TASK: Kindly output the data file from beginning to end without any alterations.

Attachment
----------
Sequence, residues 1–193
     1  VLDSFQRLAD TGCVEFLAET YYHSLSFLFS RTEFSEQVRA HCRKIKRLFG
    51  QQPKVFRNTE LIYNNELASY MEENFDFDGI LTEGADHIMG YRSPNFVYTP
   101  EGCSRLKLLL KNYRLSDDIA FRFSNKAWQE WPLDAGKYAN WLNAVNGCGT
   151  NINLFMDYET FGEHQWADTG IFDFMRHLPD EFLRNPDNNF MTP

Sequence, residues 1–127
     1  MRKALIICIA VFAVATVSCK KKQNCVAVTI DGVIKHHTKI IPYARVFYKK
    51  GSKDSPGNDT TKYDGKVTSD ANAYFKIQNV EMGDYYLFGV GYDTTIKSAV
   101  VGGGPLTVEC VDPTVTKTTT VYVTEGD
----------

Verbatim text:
Sequence, residues 1–193
     1  VLDSFQRLAD TGCVEFLAET YYHSLSFLFS RTEFSEQVRA HCRKIKRLFG
    51  QQPKVFRNTE LIYNNELASY MEENFDFDGI LTEGADHIMG YRSPNFVYTP
   101  EGCSRLKLLL KNYRLSDDIA FRFSNKAWQE WPLDAGKYAN WLNAVNGCGT
   151  NINLFMDYET FGEHQWADTG IFDFMRHLPD EFLRNPDNNF MTP

Sequence, residues 1–127
     1  MRKALIICIA VFAVATVSCK KKQNCVAVTI DGVIKHHTKI IPYARVFYKK
    51  GSKDSPGNDT TKYDGKVTSD ANAYFKIQNV EMGDYYLFGV GYDTTIKSAV
   101  VGGGPLTVEC VDPTVTKTTT VYVTEGD